It’s 2010 and I’m a bass playing band hopper. I hop bands night after night in constant flow between rehearsals and gigs. I play with anyone who needs a bass player regardless of what genre they do and I render low-end in upwards of five or six bands weekly. I want to know how far I can push the envelope before I burn out, and I’m in demand. I can play most anything, but I lack one crucial ingredient – one integral component that separates the wheat from the chaff, the boys from the men: conviction.

On Sunday between 1pm and 8pm I play in the resident band at a jazz jam session in a backyard venue called Lucky Store in Ida’s Valley, Stellenbosch. We have a crowd of middle-aged divorcees who attend every jam week after week. I affectionately dub them “The Owens” because two of them have the same name – Owen. They all are artisans of some sort – mechanics, technicians, panel beaters and tilers and they live in a face-brick, double-storey commune across the street.

Their trek to Lucky Store is a ritual of staunch religion – they arrive at 1pm and they eat, smoke and drink ’til they can hardly string words together. Some Sunday’s when their Dutch courage kicks in and when attendance numbers are low, they take to the mic and sing renditions of love songs from an era bygone. They sing the drunken lamentations of men who’ve passed through the machinations of life, having ventured youth with big hopes like their musical heroes and have come out on the other side worn and battered – leaving a treasure trail of sex, booze and engine oil in its wake. I guess they come to Lucky Store to restore their fortunes – this jazz is their weekly hit of nostalgia. But most times, they listen passively, hardly engaging the onslaught of bebop lines and burning solos played by my contemporaries. Every Sunday is the same, The Owens arrive, they listen, they leave.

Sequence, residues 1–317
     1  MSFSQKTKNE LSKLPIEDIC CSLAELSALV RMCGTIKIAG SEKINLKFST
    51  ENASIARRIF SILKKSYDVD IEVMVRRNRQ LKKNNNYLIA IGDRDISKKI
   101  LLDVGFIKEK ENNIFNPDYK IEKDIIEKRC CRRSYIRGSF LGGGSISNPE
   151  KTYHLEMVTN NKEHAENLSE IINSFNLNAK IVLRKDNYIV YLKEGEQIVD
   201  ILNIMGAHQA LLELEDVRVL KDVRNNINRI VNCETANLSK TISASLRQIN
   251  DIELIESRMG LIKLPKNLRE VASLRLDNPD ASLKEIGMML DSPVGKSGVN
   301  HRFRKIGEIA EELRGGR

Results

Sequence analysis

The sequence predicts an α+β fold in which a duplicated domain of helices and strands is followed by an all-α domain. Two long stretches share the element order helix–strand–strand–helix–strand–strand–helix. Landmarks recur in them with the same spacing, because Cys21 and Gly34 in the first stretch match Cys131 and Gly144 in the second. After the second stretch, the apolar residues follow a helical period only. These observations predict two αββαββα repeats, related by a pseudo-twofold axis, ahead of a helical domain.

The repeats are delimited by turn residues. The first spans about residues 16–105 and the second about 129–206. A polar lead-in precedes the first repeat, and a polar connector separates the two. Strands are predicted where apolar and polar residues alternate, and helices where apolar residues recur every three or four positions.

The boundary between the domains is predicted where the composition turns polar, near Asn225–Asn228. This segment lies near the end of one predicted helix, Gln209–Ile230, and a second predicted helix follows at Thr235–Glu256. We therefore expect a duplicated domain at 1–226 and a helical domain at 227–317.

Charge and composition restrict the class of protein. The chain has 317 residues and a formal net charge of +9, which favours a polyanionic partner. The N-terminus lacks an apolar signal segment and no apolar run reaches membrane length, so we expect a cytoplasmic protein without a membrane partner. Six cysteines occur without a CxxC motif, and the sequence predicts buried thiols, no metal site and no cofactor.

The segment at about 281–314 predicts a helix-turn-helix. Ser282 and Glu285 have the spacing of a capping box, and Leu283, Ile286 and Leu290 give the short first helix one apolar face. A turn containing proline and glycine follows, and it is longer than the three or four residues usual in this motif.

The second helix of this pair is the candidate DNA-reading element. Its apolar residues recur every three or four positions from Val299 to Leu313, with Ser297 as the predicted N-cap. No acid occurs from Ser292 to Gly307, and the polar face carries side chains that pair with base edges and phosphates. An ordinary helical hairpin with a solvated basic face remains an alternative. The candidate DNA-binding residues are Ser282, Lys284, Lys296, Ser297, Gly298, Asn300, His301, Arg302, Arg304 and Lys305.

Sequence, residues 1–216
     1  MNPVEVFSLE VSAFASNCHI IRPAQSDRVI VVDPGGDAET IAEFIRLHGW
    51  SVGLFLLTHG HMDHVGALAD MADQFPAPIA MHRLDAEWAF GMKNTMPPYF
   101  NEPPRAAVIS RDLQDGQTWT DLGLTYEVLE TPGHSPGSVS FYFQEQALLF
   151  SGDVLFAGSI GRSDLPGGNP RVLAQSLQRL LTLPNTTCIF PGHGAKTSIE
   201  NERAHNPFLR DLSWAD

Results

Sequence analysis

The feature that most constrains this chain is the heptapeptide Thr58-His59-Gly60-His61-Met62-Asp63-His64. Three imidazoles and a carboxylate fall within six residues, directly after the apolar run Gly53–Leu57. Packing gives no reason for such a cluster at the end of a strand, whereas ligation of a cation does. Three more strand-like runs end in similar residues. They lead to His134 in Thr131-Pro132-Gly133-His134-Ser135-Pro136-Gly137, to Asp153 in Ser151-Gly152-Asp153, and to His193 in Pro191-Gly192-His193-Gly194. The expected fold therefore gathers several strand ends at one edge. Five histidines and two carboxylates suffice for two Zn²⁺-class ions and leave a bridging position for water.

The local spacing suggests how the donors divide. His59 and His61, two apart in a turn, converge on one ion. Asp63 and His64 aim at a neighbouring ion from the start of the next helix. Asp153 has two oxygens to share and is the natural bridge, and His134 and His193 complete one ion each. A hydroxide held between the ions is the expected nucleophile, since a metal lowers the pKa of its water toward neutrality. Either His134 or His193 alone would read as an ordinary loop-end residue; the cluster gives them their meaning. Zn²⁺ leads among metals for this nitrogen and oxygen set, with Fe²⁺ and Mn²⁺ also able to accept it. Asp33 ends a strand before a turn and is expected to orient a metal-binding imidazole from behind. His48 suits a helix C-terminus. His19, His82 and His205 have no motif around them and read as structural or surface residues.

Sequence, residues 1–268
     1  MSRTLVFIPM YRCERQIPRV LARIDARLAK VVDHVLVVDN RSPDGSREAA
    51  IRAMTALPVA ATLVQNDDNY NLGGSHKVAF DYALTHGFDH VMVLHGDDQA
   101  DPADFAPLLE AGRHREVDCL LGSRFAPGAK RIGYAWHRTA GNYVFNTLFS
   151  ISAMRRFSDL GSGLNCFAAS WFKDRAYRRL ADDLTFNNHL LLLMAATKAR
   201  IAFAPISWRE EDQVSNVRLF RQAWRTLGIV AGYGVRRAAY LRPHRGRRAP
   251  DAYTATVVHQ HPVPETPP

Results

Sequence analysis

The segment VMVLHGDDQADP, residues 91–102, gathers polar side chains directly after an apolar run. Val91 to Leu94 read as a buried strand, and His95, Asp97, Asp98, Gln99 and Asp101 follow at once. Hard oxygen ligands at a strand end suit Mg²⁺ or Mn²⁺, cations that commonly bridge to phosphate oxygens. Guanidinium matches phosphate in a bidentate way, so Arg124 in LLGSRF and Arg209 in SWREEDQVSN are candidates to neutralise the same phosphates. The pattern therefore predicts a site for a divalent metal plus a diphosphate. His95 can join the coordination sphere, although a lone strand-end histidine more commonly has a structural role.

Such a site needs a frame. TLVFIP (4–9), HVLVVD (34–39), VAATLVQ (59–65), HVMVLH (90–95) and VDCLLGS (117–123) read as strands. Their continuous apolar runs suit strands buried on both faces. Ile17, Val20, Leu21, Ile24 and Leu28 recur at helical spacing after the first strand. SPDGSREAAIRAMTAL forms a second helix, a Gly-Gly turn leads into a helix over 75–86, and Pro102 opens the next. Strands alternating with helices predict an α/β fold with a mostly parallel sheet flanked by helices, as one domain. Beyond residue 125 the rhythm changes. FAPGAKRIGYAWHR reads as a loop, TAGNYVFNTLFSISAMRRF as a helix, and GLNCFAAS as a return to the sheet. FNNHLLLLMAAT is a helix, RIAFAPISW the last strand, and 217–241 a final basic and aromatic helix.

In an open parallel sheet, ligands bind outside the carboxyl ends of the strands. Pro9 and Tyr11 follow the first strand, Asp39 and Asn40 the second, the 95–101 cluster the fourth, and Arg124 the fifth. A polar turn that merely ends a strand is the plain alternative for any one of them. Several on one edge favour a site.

But one Saturday everything changes. I’m at an Afrikaans rock music festival somewhere on the West Coast and playing in a pop rock band, sharing the bill with a range of blues and metal acts. When I play my set, I shred through my lines like a technical beast, kicking ass, taking names and exiting the stage with an earned pride. Although musically sound, my approach is calculated and restrained. I don’t really believe in myself. It’s all this hanging out with self-deprecating musicians who spend their days comparing themselves to so and so and bemoaning their lack of bookings in a cycle of depressive ‘whoa is me’. With long, oily black hair covering his face, a guy from one of the metal bands walks up to me – fully clad in black, with various scary looking trinkets hanging about his neck and arms. Our exchange is brief but monumental.

In Afrikaans he says to me, “Man, you’re one of the f*cking best bass players I’ve heard! You kill that bass. But let me give you some advice. All that technical stuff you play means nothing if you don’t show it. You need to pull your face and use your body, bro! Make us believe what you do. You must own your sh*t!”

I’m taken aback by the candidness of his observation. How can this neanderthal tell me how I should play? Had I any conviction I would knock him the hell out and give him a well-needed shave in the process. Had I any conviction…had I any conviction? He’s right! From now on, I’m going to own my sh*t and play with conviction. No more Mr Nice Josh, no more moderate calculation – after each gig only the fermenting corpses of every naysayer who ever doubted my fire will remain – a suitable sacrifice!

The next day at the jam session I put the Metal-head’s advice into practice, setting out to play everything with the utmost zeal. On every song I contort my face, girate wildly, jump around as if demon possessed and pretend I’m at a Jimi Hendrix concert. My bandleader stares dryly at me from behind an ever-lit cigarette and The Owens practically jump out of their chairs, their beers spilling generously atop their gleeful countenance. Their passivity being replaced by a joy I’ve only encountered a handful of times in an 9 year professional journey, “Josh, what happened this past week? Did you practice 8 hours a day? Yaw, you a monster my boy! Let us buy you a drink!”

We laugh jovially as we celebrate an age-old life lesson learnt, beer spillage blessing the earth as tribute – nobody wants to see you play small. Play the part, be the part, stand on your conviction. Turn their passivity into cause for celebration. Shift the atmosphere. Share your Fruit.

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